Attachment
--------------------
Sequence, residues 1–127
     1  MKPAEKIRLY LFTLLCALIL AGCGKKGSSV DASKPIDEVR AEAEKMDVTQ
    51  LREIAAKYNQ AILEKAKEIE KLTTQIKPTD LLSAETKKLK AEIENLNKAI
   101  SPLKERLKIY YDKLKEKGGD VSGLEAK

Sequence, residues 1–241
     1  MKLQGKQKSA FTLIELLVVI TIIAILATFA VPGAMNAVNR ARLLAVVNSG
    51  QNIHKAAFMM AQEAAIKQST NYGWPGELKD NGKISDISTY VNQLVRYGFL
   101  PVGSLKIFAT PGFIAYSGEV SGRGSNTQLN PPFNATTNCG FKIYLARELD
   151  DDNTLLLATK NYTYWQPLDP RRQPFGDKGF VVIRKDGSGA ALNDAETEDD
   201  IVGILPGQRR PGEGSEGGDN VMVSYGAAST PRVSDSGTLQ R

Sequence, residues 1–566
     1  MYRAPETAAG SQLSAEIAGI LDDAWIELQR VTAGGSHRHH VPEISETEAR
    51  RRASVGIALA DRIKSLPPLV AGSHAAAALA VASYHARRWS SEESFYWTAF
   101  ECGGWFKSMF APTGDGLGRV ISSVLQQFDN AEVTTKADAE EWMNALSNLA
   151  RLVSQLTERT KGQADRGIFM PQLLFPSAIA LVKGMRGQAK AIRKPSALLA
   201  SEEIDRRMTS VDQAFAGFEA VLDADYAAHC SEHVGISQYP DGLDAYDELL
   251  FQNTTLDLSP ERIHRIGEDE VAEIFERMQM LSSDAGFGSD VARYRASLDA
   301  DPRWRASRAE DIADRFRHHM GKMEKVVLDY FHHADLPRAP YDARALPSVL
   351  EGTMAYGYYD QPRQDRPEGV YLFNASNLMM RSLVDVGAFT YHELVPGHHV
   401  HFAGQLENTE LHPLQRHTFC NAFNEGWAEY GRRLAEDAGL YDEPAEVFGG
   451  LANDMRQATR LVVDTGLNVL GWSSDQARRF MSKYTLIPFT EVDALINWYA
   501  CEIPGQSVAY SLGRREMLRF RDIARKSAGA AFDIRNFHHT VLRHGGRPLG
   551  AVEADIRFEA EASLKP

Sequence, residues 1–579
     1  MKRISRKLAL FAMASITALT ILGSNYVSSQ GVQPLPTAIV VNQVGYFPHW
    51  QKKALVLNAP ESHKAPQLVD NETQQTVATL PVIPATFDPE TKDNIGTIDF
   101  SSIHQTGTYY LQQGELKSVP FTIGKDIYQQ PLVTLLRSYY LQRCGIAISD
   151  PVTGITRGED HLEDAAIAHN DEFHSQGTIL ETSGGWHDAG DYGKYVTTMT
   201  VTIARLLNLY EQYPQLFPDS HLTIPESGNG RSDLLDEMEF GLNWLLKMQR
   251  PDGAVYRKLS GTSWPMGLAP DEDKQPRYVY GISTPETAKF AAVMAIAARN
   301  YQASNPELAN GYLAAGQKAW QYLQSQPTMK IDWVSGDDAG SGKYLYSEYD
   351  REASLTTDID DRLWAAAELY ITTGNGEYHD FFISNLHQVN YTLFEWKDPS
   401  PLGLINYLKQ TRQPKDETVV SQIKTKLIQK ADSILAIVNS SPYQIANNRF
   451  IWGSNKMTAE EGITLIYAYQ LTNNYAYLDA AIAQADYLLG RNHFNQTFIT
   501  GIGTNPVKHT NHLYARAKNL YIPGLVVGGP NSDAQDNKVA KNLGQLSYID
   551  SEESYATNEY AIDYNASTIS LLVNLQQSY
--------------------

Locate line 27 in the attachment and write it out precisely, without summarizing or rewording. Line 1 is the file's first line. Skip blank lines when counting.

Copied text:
   101  SSIHQTGTYY LQQGELKSVP FTIGKDIYQQ PLVTLLRSYY LQRCGIAISD